Mutations were identified in 69 patients. Here we describe the clinical features of 47 of these patients, including two sib pairs. Most mutations were unique and were scattered throughout the gene. All patients but one fulfilled the current diagnostic criteria for CHARGE syndrome. No genotype‐phenotype correlations were apparent in this cohort, which is best demonstrated by the differences in clinical presentation in sib pairs with identical mutations. Somatic mosaicism was detected in the unaffected mother of a sib pair, supporting the existence of germline mosaicism.
CHD7 mutations account for the majority of the cases with CHARGE syndrome, with a broad clinical variability and without an obvious genotype‐phenotype correlation. In one case evidence for germline mosaicism was provided.
; clinical spectrum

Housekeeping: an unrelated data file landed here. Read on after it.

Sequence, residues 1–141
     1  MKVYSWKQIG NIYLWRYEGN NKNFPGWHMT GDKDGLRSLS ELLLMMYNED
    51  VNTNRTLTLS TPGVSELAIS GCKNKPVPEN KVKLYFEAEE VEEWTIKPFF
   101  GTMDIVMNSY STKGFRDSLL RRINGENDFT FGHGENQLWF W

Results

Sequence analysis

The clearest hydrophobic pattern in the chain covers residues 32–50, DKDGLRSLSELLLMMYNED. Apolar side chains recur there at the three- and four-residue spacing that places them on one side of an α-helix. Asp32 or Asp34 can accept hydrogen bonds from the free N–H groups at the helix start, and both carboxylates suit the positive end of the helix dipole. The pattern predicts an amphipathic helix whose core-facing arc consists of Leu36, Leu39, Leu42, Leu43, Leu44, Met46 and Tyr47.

The cancer risk is unknown for those families in which a microsatellite instable tumour is neither explained by MLH1 promoter methylation nor by a germline mutation in a mismatch repair (MMR) gene. Such information is essential for genetic counselling. Families suspected of Lynch syndrome (n=614) were analysed for microsatellite instability, MLH1 promoter methylation and/or germline mutations in MLH1, MSH2, MSH6, and PMS2. Characteristics of the 76 families with a germline mutation (24 MLH1, 2 PMS2, 32 MSH2, and 18 MSH6) were compared with those of 18 families with an unexplained microsatellite instable tumour. The mean age at diagnosis of the index patients in both groups was comparable at 44 years. Immunohistochemistry confirmed the loss of an MMR protein. Together this suggests germline inactivation of a known gene. The Amsterdam II criteria were fulfilled in 50/75 families (66%) that carried a germline mutation in an MMR gene and in only 2/18 families (11%) with an unexplained microsatellite instable tumour (P<0.0001). Current diagnostic strategies can detect almost all highly penetrant MMR gene mutations. Patients with an as yet unexplained microsatellite instable tumour likely carry a different type of mutation that confers a lower risk of cancer for relatives.